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Roofing And Valleys

Do you have any tips about valleys, when re-roofing a house? The information you have is great and the pictures are extraordinary. Thanks for already helping. We have heard that valleys should be flashed and then rolled roofing and finally shingles added. What is the best way to protect from leaks? 

Mary


I recently bought a book called "Roofing - The Best Of Fine Homebuilding", published by Taunton Press. I couldn't find any books on roofing at any stores so I ordered it online.

But I'm not sure I would recommend the book for you, because only one article is all that useful. The rest of the book discusses elaborate and unusual roofing techniques and materials.

The pertinent article describes 3 types of valley roofing methods: Closed Valley, Open Valley, and Woven Valley.

1. Closed valley: This is the method we used on our recent re-roofing job, which is what everybody has been doing lately around here, and because it looks neat and tidy. 

The shingles on one roof face run past the valley and extend up the other face for at least 12 inches. No nails are allowed within 6 inches of the centerline of the valley. That face of the roof can be done all the way up, and then a chalk line snapped to mark the centerline of the valley, which acts as a guide for cutting the shingles for the adjacent face.

 

The shingles from the other face run up to the valley and are cut along the chalk line. Again, no nails are allowed within 6 inches of the valley. When all the shingles were done, we ran a bead of roofing tar (which comes in convenient caulking tubes) under each cut shingle where it ended at the valley. This prevents water from getting under the shingles as it races down the other face towards the cut shingles.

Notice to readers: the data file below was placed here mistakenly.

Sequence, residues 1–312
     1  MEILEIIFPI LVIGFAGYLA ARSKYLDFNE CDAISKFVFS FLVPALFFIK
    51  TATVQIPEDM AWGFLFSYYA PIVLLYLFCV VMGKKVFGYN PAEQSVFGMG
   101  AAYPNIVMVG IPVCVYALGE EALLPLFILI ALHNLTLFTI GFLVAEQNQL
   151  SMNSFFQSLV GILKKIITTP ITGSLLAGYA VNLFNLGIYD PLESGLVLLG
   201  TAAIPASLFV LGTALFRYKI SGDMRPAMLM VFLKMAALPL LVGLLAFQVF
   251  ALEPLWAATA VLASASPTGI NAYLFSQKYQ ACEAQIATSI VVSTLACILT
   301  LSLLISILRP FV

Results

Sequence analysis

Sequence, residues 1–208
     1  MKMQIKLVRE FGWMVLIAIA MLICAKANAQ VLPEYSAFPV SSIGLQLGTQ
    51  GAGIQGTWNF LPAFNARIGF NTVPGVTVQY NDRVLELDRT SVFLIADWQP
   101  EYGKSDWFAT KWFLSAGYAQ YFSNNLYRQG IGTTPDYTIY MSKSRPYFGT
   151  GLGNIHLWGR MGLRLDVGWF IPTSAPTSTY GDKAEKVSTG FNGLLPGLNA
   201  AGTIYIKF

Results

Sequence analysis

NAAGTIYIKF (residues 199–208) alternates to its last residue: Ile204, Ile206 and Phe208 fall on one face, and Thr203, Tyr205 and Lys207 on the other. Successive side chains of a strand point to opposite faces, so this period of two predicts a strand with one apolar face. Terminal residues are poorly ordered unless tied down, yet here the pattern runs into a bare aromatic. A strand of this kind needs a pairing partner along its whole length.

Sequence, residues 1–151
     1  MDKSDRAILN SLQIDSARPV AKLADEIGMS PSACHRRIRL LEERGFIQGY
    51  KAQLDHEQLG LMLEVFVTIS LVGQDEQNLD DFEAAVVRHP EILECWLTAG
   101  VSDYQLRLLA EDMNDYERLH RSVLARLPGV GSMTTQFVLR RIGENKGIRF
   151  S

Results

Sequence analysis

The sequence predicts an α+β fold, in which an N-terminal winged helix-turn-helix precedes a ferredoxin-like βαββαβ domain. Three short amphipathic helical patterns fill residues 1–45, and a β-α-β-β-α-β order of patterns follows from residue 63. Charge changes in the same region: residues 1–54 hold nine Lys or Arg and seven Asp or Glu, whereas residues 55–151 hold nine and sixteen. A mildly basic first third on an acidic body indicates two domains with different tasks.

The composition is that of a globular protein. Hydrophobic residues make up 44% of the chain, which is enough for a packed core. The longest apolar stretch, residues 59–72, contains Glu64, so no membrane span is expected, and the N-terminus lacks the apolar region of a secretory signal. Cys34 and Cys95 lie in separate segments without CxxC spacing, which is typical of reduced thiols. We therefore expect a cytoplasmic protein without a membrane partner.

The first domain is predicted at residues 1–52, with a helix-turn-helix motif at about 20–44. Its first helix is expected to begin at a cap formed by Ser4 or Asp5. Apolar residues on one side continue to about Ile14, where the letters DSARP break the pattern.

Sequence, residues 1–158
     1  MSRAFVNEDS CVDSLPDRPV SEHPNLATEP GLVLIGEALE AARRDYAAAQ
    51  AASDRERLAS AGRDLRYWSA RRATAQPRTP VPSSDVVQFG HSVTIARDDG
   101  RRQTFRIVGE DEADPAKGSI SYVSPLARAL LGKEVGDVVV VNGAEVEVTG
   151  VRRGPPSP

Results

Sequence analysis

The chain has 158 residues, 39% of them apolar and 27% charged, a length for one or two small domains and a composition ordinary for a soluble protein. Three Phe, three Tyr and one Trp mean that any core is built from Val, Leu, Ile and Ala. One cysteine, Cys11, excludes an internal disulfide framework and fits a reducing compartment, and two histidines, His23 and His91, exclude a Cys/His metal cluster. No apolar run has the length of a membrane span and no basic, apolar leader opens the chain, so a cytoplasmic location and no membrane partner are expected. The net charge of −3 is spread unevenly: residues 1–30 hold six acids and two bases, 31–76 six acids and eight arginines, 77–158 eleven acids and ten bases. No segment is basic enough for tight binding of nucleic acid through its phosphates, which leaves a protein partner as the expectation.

Also, and this is CRUCIAL, we first applied a layer of Grace Ice and Water Shield to the valley (seen in first photo). This rubberized asphalt sheet is tricky to install (because it sticks to everything) but is GREAT because it seals around all the nails that penetrate it. In some cases it helps to install a length of metal flashing BEFORE the Ice and Water Shield, because the I&WS sticks REALLY WELL to metal, and sticks only "quite well" to wood.


2. Open Valley: This method has been preferred for many years but seems to be falling out of favor, perhaps because Ice and Water Shield has solved many of the problems that formerly were associated with the closed valley method. The open valley often starts with a layer of metal flashing along the valley, but that is not required necessarily. Then a layer of roll roofing is laid in the valley. This material comes in 36 inch wide rolls, and most people cut a strip about 10 feet long and then cut it length-wise to 18 inches wide. This strip is applied in the valley and nailed along the edges. End joints are overlapped 6 inches or more. Then chalk lines are snapped about 4 inches away from the centerline, on each side. These lines indicate where to trim the shingles when they reach the valley area.

3. The woven valley is done by alternately letting each row of shingles run past the valley. This requires that all the shingle rows line up correctly, which can be tricky.


It really takes a diagram to fully explain these concepts. If you are still in the planning stages, look at your local library for this book (or other books). Also, the Asphalt Roofing Manufacturers Association sells a book called the Residential Asphalt Roofing Manual, though I have not read this book.

 

Bruce W. Maki, Editor.

 

 

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Copyright 2001 HammerZone.com

Compiled October 25, 2001